McConnell decries ‘obstruction’ on judicial nominees, irony weeps

Senate Majority Leader Mitch McConnell, R-Ky., walks from the chamber as Republicans pushed legislation toward Senate approval that would demolish President Barack Obama's signature health care law and halt Planned Parenthood's federal money, setting up a veto fight the GOP knows it will lose but thinks will delight conservative voters in next year's elections, on Capitol Hill in Washington, Thursday, Dec. 3, 2015. McConnell said Thursday that the Affordable Care Act is "punctuated with hopelessness," as he blamed it for rising medical costs and problems encountered by Kentuckians. (AP Photo/J. Scott Applewhite)
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Senate Majority Leader Mitch McConnell (R-Ky.) spoke on the Senate floor yesterday afternoon about one of his favorite subjects: “obstruction in the judicial confirmation process.”

At issue are the proceedings on the Senate floor about four district court nominees, each of whom will almost certainly be confirmed, but not at the speed McConnell and his Republican allies would prefer.

“[W]hy will their four nominations consume a week of the Senate’s attention? Why do we need to file cloture on each, and then exhaust the full thirty hours of debate? Because Senate Democrats are choosing – for partisan reasons – to make these nominations take as long as possible.

“Their goal is to waste the Senate’s time and prevent the president from promptly filling judicial vacancies. 2017 was an historic year of partisan obstruction by our Democratic colleagues. Even for uncontroversial judges who went on to unanimous or near-unanimous confirmation votes, my colleagues across the aisle used every possible procedural roadblock to delay and drag their heels. Now 2018 is starting off the same way.”

The press statement from McConnell’s office specifically denounced “needless Democrat [sic] obstruction.”

For the Majority Leader, it’s not enough that Donald Trump’s judicial nominees be confirmed; he wants the 49-member Senate minority to help the narrow Republican majority move the process along expeditiously.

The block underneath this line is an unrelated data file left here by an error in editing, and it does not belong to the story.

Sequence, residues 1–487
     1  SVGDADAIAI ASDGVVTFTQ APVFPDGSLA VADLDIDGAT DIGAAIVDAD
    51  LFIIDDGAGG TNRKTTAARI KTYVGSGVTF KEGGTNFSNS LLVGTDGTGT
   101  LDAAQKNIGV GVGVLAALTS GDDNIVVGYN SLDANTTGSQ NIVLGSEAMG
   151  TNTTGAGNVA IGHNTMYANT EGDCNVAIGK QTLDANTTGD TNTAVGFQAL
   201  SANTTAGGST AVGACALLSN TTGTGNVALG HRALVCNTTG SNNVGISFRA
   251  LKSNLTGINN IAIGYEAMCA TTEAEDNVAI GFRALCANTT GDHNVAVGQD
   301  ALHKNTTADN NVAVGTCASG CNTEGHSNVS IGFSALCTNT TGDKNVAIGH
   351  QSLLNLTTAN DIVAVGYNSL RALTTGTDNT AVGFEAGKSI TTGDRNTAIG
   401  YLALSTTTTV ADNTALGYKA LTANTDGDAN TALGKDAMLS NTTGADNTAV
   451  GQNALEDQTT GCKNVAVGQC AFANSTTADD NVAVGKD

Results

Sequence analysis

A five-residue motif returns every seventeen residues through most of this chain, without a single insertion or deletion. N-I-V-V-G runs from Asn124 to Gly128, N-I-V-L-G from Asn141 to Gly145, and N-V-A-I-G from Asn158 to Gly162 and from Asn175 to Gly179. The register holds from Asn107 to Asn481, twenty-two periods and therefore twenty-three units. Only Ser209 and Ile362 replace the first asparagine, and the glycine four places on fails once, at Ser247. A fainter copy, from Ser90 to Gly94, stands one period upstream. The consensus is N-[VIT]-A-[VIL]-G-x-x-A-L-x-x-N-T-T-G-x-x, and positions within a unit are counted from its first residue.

At this point, we could note that there’s practically nothing Democrats can do to block the GOP president’s judicial nominees, making complaints about “obstruction” hard to take seriously. Or we might also note that some of Trump’s picks have failed in the face of opposition from both parties, not just Dems.

But let’s put that aside and focus on the fact that Mitch McConnell appears to be competing for some kind of chutzpah award.

Yes, as a substantive matter, Democrats are slow-walking many of Trump’s nominees, tying up the Senate schedule. But in practical terms, this means the Dem minority is doing exactly what McConnell and his Republican brethren did during the Obama era, when Democrats ran the chamber for six years.

I keep waiting for Senate Minority Leader Chuck Schumer (D-N.Y.) to tell the GOP leader, “From you, all right? I learned it by you.”

But more to the point, if we’re going to talk about “needless obstruction” of judicial nominees, can we also talk about the fact that Mitch McConnell stole a Supreme Court seat?

I’m sure the Majority Leader is annoyed that it’s taking two days to confirm a district court pick instead of one, but until Democrats impose an 11-month blockade against a compromise Supreme Court nominee, McConnell should probably keep his whining in check.

This article was published on msnbc.com

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